The OT Rule: Now What?

HRE spoke with a former acting administrator of the Department of Labor's wage and hour division to find out how HR leaders should proceed after a federal court judge struck down the Obama-era overtime rule.

Thursday, September 21, 2017
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This past summer, the U.S. Department of Labor published a final rule that more than doubled the salary level threshold for overtime eligibility from $23,660 annually to $47,476 a year. However, in November, a federal judge in Texas struck down the rule, which was supposed to go into effect on Dec. 1., stating that it exceeded the authority of the DOL.

After months of preparing for the new rule, some HR professionals feel unsure of how to proceed in light of the decision. To gain some clarity on this complex issue, Human Resource Executive magazine recently spoke with Alexander Passantino, a partner at Seyfarth Shaw law firm and former acting administrator of the labor department's wage and hour division, on how this scenario came about, what to expect next and the overall implications for HR. [Editor's note: This Q&A has been condensed and edited for clarity.]

HRE: What prompted the reversal of this ruling that was originally introduced under the Obama administration?

Passantino: In the early fall, two different lawsuits were filed in Texas. One was filed by a number of state attorneys general and another was filed by a group of trade associations. They had slightly different arguments. The states mostly focused on whether the DOL exceeded its authority to set the salary level where it did.

Those cases were then consolidated. A motion was filed for a preliminary injunction to stop this regulation from going into effect on Dec. 1. Right before Thanksgiving, the judge in Texas stopped the rule, saying it exceeds the authority of the DOL to set a salary level.

The DOL appealed to the Fifth Circuit Court of Appeals, but before oral arguments happened, the district court in Texas issued a final judgment that the DOL does have the authority to set a salary, but that the salary level that was included in the 2016 rule was too high [and] exceeded its authority.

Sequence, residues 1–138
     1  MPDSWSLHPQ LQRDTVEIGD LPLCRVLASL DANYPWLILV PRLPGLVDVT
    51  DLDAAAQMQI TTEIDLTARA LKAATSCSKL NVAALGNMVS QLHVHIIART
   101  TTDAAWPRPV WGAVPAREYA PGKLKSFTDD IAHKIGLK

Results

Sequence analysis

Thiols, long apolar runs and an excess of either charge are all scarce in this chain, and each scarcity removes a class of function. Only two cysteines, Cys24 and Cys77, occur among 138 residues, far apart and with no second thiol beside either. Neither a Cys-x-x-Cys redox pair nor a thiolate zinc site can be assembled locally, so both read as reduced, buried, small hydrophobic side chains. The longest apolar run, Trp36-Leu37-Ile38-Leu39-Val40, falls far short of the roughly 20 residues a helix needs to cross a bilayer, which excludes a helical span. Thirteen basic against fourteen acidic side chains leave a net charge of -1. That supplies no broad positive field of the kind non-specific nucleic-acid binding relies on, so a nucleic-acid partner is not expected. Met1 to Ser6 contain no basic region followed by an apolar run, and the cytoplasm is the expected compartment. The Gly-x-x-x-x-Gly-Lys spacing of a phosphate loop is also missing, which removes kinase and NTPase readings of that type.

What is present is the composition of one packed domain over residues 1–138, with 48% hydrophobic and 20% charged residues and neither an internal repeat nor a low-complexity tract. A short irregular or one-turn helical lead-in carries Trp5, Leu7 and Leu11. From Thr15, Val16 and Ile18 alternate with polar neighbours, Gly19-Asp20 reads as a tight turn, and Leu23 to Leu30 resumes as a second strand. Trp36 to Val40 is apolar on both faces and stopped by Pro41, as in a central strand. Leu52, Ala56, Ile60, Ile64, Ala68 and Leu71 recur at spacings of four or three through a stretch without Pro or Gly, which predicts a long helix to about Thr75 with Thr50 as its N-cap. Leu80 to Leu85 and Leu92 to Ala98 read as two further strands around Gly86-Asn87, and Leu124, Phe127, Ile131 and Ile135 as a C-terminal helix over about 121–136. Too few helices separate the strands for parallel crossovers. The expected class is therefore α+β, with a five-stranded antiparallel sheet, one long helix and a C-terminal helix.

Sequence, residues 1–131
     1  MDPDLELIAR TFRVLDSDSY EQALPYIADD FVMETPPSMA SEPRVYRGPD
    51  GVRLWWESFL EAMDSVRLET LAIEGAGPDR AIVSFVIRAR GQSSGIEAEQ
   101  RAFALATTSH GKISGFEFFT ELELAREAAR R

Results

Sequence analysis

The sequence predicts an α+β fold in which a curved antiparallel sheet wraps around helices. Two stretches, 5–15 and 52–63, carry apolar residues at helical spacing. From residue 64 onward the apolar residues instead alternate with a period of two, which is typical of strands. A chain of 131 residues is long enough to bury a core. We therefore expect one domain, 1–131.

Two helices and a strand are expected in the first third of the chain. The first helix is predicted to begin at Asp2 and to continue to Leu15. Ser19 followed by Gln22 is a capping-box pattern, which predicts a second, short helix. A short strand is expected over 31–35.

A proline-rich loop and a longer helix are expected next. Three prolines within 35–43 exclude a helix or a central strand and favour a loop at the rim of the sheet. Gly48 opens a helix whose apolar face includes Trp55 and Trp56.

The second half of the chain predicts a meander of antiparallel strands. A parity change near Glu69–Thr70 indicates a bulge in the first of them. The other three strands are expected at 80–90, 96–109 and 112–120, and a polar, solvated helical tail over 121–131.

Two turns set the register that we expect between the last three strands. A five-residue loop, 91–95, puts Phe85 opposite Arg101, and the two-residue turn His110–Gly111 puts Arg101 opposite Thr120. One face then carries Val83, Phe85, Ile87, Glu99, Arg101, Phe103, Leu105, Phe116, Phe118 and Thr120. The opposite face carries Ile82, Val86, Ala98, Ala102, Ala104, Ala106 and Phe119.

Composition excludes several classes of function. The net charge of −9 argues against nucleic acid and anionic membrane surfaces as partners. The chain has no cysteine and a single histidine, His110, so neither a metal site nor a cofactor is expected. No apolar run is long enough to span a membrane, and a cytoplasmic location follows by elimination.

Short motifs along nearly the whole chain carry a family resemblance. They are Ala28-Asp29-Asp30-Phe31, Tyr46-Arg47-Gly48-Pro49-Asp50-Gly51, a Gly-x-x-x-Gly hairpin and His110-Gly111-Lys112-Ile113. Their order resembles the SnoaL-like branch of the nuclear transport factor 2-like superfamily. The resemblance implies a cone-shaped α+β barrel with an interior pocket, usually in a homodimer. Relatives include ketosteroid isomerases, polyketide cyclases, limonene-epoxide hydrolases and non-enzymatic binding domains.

HRE: So what's the current status of the regulation?

Passantino: As of right now, it's invalidated. There's no increase to the salary. We're still in a period of time where there can be an appeal. One interesting little wrinkle is if employers changed their policies to take advantage of a provision in the rule that would have allowed employers to satisfy up to 10 percent of the salary with bonuses and commissions, that's also gone away as well.

HRE: This back and forth process had to produce significant confusion for HR.

Passantino: Employers are still figuring out what they're going to do. Many were in different stages of implementation when the rule was stopped. Some already raised their salaries and reclassified employees to nonexempt status. Some actually told their employees, 'You're no longer nonexempt.' Some decided not to reduce people's salaries because of the ruling because they didn't want to take someone who had been exempt, who was then converted to nonexempt, and make them exempt again with yet another rule coming down the pike. They don't want to make decisions in a vacuum right now without knowing what that number's going to be.

HRE: Can you offer any tips on how HR professionals should move forward?

Passantino: It depends upon what you did last year. Most employers either changed the job so that the position is no longer exempt or raised the salary of exempt employees to get them over the $47,476 [threshold]. I would not necessarily decrease someone's salary and blame it on rule-making. Legally, you're completely within your rights to do that. Address those costs in a different way [because] people don't respond well when their pay gets cut.

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The other group of employees was converted to hourly status. I would have a conversation about how it has been working out. Did employees respond poorly? Would they welcome a conversion back to exempt status? You don't want to keep bouncing people around.

HRE: What's going to happen next? How will the regulation ultimately turn out?

Passantino: The ruling in Texas is either not going to be appealed by the federal government or will be appealed with the request that the Fifth Circuit not do anything with the case until the DOL finishes it rule making process.

In four years, we will operate under a new salary level that's higher than $23,000 and lower than $47,000. If I had to bet, it will be somewhere between $33,000 and $38,000.

HRE: This was a brutal process for some employers. What are some key lessons?

Passantino: That's how the regulatory process works. This is a pause in the game for everyone to step back and consider what's best for the organization. Take this opportunity to do it, because when the salary level comes out, you're not going to have that much time to implement it.

Ultimately, what this ruling does is allow employers more flexibility. They are able to maintain exempt status for more employees to account for regional variations, experience level variations and other factors when setting someone's compensation. This will allow you more flexibility to do that, so I would view this as a good thing.

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